The common conditions I treat with heart biofeedback include the following:

  • hypertension
  • palpitations
  • shortness of breath
  • exercise capacity
  • chest pain

Individuals with a history of a heart attack want to get back into an exercise routine. Often angina gets in the way. The pain creates a cycle of fear and emotional dissonance, which worsens cardiovascular capacity.

I can show my client on a heart rate monitor what their heart is doing as they increase their activity level. We review this together and dive deep into what they are feeling in their chest, arms, back, etc.

Patient Empowerment

It’s one thing to diagnose a patient using advanced technology, and it’s another to empower a person to manage their own body. Biofeedback methods can empower a person to self-regulate their physiologic processes.

The goal is to work on a particular medical condition or symptoms afflict you. A feedback expert will sit with you and help you recognize signals in the body which you can manipulate to achieve the desired outcomes.

This is powerful in that you can do this yourself moving forward. For most heart-related issues you need a heart rate monitor and an oxygen monitor.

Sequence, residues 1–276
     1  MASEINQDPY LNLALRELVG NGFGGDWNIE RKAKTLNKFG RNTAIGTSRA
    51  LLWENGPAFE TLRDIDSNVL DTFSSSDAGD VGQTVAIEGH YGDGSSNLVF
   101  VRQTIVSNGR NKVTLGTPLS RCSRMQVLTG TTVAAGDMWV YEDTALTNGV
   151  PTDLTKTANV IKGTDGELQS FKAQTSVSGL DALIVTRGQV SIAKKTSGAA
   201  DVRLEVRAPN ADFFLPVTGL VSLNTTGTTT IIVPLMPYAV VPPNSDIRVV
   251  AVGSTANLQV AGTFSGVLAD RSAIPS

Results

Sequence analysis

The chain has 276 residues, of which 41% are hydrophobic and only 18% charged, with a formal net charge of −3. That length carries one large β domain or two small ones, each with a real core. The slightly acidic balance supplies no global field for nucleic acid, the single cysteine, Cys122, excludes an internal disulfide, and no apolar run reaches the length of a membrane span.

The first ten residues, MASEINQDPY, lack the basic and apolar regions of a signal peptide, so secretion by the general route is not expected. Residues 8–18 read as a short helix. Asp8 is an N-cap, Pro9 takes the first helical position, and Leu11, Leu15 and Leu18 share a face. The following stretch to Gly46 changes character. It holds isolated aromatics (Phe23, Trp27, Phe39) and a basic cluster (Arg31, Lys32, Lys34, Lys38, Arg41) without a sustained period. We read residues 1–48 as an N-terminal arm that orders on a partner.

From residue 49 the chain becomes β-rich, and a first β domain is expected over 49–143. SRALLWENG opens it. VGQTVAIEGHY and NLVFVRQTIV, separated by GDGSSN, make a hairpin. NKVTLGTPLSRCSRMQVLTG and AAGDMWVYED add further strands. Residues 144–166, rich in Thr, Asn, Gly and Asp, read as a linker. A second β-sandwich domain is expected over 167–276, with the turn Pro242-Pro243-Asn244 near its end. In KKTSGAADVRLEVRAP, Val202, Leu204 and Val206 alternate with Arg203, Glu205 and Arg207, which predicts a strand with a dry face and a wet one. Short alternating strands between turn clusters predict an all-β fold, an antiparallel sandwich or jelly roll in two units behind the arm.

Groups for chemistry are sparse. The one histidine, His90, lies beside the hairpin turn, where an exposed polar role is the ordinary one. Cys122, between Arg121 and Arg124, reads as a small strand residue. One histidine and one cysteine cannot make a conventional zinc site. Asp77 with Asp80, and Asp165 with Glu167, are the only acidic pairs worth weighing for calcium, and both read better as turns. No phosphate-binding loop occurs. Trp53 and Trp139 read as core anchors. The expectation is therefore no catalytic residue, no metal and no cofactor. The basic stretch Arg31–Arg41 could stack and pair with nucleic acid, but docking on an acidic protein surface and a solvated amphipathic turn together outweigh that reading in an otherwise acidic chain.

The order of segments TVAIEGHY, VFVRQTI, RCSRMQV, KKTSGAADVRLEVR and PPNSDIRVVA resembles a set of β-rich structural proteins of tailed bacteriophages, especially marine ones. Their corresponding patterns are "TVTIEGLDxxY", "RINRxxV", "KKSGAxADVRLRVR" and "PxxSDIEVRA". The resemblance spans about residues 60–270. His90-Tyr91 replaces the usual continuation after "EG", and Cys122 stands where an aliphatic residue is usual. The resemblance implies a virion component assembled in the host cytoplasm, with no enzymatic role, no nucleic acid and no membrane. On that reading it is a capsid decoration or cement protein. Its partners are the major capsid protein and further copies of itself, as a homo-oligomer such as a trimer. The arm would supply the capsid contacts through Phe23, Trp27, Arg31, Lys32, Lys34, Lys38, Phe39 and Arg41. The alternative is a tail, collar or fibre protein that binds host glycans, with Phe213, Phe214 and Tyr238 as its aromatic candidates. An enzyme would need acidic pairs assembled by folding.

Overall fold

Heart Health Hypertension

The Basics of Hypertension

I will write a lot more on hypertension – high blood pressure – to address the basics of hypertension and beyond. But there are some excellent ways to think about this common age-related disease. It’s not that easy to diagnose and not everyone needs to have their high blood pressure treated. Are you considering starting blood pressure medications, or have you been worried about your numbers creeping up?

An overview of high blood pressure should get you on the same page as your doctor. Managing this condition is a team approach and needs to happen slowly.

Pharmacologic Treatment

If you treat your hypertension, you will manage it through lifestyle means or by taking prescription medications. You might also try herbal treatments, of which there are a few good options out there—more on that in another article.

Treatments for hypertension decrease the pressure exerted on the heart and the vascular system. Some medications work by getting rid of the amount of water in the vascular system (diuretics); others decrease the tightness of the vessels (vascular dilators). Some medications also reduce the output from the heart (beta-blockers).